Posted by: DandyLion | February 12, 2008 2:18 PM

"I make people take their shoes off when they come in my house."

Okay, I'm coming up with a visual of you wrestling them off of their feet if they decline to follow your wishes.

I can't imagine that's actually the case though! But if it is, do you provide slippers?

Posted by: maryland_mother | February 12, 2008 2:29 PM

How many kids realistically need to be picked up by car by their very own parent every single day after school?

And what percentage of that time should kids be given a choice as to how their afternoons/evenings will go in terms of picking up "fun stuff"?

Posted by: EmeraldEAD | February 12, 2008 2:31 PM

We take off our shoes in our home as well. Most guests pick up on it when they see the shoe rack in the hallway. But I don't force people to do it. I think extended family members know to do it in our home. But I have this friend that has a sign on the floor in their front hall that asks people to take off their shoes. Get this. You can't even leave your shoes in the hallway. He wants them to be left on their front stoop. Even in the winter. I think that is a bit much. Floors can take the occassional guest with shoes on.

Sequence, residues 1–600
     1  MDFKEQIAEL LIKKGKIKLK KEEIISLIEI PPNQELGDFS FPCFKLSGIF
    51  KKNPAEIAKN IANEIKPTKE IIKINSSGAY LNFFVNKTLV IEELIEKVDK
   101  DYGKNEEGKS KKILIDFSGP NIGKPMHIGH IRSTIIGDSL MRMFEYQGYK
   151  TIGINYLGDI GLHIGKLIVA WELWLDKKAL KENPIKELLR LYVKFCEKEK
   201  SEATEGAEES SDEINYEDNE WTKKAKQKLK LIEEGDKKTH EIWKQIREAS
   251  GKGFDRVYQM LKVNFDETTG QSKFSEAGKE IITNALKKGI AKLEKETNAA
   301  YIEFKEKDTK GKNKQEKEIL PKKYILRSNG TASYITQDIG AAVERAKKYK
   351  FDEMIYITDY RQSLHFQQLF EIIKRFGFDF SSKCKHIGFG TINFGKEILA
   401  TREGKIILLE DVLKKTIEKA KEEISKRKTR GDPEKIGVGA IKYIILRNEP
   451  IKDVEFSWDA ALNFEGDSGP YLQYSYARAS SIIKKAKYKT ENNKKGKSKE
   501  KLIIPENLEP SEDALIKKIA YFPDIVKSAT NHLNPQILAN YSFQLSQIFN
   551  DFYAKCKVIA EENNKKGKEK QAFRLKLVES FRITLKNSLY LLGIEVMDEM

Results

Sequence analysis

Posted by: foamgnome | February 12, 2008 2:33 PM

"How many kids realistically need to be picked up by car by their very own parent every single day after school?"

Only those who have to be driven in with their large instrument for the school orchestra because the county REFUSES to let the kid take it on the bus!

Not that I'm bitter, of course.

At least it's every other day, but still it's a major pain in the @ss. Why couldn't the child love the bassoon, or the french horn, or a viola half as well?

*sighs*

Posted by: maryland_mother | February 12, 2008 2:35 PM

"But I have this friend that has a sign on the floor in their front hall that asks people to take off their shoes. Get this. You can't even leave your shoes in the hallway. He wants them to be left on their front stoop. Even in the winter."